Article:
Molecular biophysics brings together elements of biology, chemistry, physics, and mathematics to describe and understand biological processes. It is a fusion of two scientific cultures: the systems and processes of biochemistry and molecular biology are joined with the principles and quantitative laws of physical chemistry. The goal is to develop a quantitative and predictive understanding of biology at a detailed molecular level.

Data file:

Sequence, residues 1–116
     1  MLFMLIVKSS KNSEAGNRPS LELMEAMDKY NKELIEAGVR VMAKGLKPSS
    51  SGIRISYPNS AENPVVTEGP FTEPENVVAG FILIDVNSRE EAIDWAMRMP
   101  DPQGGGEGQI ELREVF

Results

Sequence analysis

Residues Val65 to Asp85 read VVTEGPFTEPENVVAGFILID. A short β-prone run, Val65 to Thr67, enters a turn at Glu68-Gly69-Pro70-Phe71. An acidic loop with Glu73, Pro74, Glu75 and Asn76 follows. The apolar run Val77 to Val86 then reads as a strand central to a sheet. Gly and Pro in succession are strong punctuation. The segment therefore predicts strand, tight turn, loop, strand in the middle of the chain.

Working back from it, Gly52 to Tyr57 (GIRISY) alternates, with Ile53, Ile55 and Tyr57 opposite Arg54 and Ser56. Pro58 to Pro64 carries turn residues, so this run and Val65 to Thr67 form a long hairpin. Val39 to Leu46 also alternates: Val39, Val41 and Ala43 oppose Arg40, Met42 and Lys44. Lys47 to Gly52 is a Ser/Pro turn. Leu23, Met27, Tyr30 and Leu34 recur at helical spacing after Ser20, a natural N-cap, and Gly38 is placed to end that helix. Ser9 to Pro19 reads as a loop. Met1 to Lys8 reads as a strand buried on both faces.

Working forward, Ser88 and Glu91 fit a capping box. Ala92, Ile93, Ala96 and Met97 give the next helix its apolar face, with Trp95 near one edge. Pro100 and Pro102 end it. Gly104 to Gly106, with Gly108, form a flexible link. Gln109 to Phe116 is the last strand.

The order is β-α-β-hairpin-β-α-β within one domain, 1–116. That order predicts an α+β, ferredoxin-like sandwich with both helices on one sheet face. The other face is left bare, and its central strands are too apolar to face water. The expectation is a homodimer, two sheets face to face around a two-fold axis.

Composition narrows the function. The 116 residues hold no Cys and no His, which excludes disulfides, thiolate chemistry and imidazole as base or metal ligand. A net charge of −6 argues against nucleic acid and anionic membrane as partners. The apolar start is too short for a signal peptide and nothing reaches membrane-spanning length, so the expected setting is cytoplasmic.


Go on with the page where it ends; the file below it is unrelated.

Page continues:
The Program in Molecular Biophysics, established in 1990, seeks to train students who understand biological processes and who can take advantage of the sophisticated physical techniques necessary to probe those processes at a detailed molecular level. An important feature of the Program in Molecular Biophysics is its emphasis on multidisciplinary, interactive approaches to the study of biological systems. Communication and collaboration among investigators with diverse interests is fundamental to defining the interesting questions and developing the systems which make biophysics a unique synthesis of disciplines. At Washington University, the Program brings together scientists who share the biophysicist’s goal of understanding biological processes, yet who work on systems which range from single molecules to whole cells. The program was renamed to “Computational and Molecular Biophysics” in 2009 to better indicate the importance of both computational and experimental methods in investigating problems in molecular biophysics.